By Allie Conti
By Keegan Hamilton and Francisco Alvarado
By Jake Rossen
By Allie Conti
By Kyle Swenson
By Chris Joseph
By Michael E. Miller
By Frank Owen
All the artsy-fartsies in Palm Beach County like to portray their home as the place where "culture has found its place in the sun." But public support for the prestigious Palm Beach Institute of Contemporary Art in Lake Worth has been so feeble in recent years that, barring a financial miracle, the place will shut down after the close of its current show at the end of March, Tailpipe has learned. Operating out of a former movie theater on Lake Avenue, the museum has gamely provided a venue for adventurous group shows, like the current "I Feel Mysterious Today," and brash multimedia experimenters. There's nothing like the place in Palm Beach County.
But boldness of vision and $1 will buy you a cheap cigar. You gotta put Guccis on the museum floor.
With as few as five people showing up at the museum on some weekends, PBICA's days were numbered, says multimillionaire and philanthropist Robert Montgomery, who, along with his wife, Mary, is the museum's principal benefactor. For the "Mysterious" show, which features a collection of 70 supernatural-themed works from artists representing a dozen countries, the museum printed 2,000 bound catalogs -- and has so far sold four of them.
"I'm just not getting any traffic down there," Montgomery says. "We just can't get any interest in the place after five and a half years and a hell of a lot of money."
Montgomery, the folksy Palm Beach lawyer who's famous for fighting big tobacco and winning, bought the museum in 1999 from the Palm Beach Community College Foundation for $500,000. Since then, Montgomery says, he and Mary have sunk about $8.5 million into the museum. The place made a name for itself internationally, but the attractive art deco building never seemed to catch the eye of patrons, who were asked to shell out a modest three-buck entrance fee.
Montgomery says he has put the staff on notice that the museum will close with the scheduled ending of the "Mysterious" show on March 27 unless something incredible happens. "I hate like heck to do it," Montgomery says. "But when it costs you a couple of thousand dollars for everybody who walks through the doors, it's just not worth it."
Even if your notion of great art is a painting of Shania Twain on black velvet, this is huge. The 'Pipe's aesthetic side -- you know, the part that's not belching black smoke everywhere -- hasn't been in such a murky funk since they shut down the Florida Philharmonic last year.
Lemme In, Mr. Bouncer
Ever wonder how Florida Atlantic University police were able to crack a fake I.D. operation earlier this month? Well, Tailpipe has acquired an image of one of the confiscated licenses to show you how. The name has been blurred to protect the innocent-until-proven-guilty, but other clues on the license betray its phoniness. Can you find all seven? Answers below!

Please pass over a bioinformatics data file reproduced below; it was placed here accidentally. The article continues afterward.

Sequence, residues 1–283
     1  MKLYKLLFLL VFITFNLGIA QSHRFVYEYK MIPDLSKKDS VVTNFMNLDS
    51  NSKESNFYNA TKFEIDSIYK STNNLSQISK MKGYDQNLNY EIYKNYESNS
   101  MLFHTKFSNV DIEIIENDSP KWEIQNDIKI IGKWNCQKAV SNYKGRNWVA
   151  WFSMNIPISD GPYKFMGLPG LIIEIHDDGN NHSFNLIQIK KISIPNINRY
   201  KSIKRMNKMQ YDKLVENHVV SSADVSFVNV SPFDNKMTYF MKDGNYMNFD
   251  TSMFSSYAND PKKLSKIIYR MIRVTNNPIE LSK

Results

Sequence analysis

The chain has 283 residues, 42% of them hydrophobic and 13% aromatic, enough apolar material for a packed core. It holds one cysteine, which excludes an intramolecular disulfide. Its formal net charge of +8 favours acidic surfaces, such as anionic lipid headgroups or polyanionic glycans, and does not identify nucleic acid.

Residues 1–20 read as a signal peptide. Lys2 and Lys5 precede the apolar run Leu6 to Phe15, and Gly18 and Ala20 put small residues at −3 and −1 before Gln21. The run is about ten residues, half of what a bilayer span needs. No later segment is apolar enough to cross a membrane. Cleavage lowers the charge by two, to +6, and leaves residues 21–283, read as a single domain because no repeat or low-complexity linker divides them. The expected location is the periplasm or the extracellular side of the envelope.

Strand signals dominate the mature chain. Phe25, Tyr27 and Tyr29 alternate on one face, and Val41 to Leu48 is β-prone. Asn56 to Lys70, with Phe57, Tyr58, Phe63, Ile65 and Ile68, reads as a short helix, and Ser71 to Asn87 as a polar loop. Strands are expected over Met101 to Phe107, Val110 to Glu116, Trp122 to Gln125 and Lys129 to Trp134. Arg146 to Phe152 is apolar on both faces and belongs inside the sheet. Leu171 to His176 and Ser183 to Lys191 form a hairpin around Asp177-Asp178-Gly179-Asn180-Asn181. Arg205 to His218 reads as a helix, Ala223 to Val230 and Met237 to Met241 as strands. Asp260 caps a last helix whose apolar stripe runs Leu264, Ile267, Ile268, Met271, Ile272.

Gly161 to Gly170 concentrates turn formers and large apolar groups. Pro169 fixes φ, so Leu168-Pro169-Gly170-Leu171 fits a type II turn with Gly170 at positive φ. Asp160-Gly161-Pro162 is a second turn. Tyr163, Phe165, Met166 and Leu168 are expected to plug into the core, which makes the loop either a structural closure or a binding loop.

1)"Mike Hunt" is not actually New York's Commissioner of Motor Vehicles. As of 2002, Yorick Hunt is.
2) Pretty good prize, for a box of Cracker Jacks. Still, illegal.
3) Nice try on the birth date, but there was no leap year in 1953. Thus, this teen is not actually 51.
4)While it advertises on everything else in sight, Nike has yet to endorse a driver's license.
5) Sex: YES? Come on, now. This isn't a job application.
6)"Sorry, the photo looks nothing like you. And I'm pretty sure this guy used to drink a lot, before the red states elected him."
7) Last we checked, "001-03-09" was not a real expiration date. And we didn't even screw with this one. Some counterfeiter needs a proofreader.
Godfather of Gore
You can catch Fort Lauderdale condo dweller and millionaire Herschell Gordon Lewis'pithy observations in Right at Home, a throwaway real estate rag that's distributed on Fort Lauderdale's east side. Lewis' "humor" column is stuck in there with cheerful articles about Poinsettia Heights being a cat-friendly place and how Victoria Park interior decorators are choosing spare Zen styles. In the most recent issue, Gordon weighs in on the ever-fascinating subject of canine "poopery" on city sidewalks.
But wait. That name. The ever-vigilant Tailpipe plucked it out of the 1960s, connecting it to the director of a series of low-budget slasher flicks, such as Blood Feast, The Gruesome Twosome,and 2000 Maniacs. Who could forget the limbs hacked off, the eyeballs gouged out, the blood splashed around by the bucket? For his cinematic efforts, Herschell Gordon Lewis was nominated for the Golden Turkey Award as Worst Director of All Time by film chroniclers Harryand Michael Medved.
Who knew that it would all come to this for the Godfather of Gore? "I'm a dog lover, and our granddog, a Great Pyrenees, weighs in at 150 pounds. So when he has to go, it's an event."
When a 9-year-old Georgia girl received a Cabbage Patch doll for Christmas, she found a curiously suggestive message within the toy's serial number: FUCKME.
Her parents were aghast, but officials at Play Along Inc., the Deerfield Beach-based company that makes the dolls, explained it as purely an accident of computer-generated numbering. Maybe, but a New Times investigation of the serial numbers on other popular Christmas gifts for the kiddies turned up a virtual Caligulan toyland.
Here is a list of just a few of the numbers that we turned up on those little sewn-on tags:
On My Little Pony --
On GI Joe --
On Barbie --
And on Ken --
99LASHMESUCKA888Speaking of Rags...
A Fort Lauderdale attorney, Richard Celler, on January 7 sued the Tribune Co., which owns the Sun-Sentinel. He alleged the Chicago-based firm had violated federal wage and hour law by underpaying Gail Bobb, who left Tribune last year to become a classified advertising salesperson at Miami New Times. No response so far from Tribune, which has sued New Times and Bobb for violating a noncompete agreement.
-- As told to Edmund Newton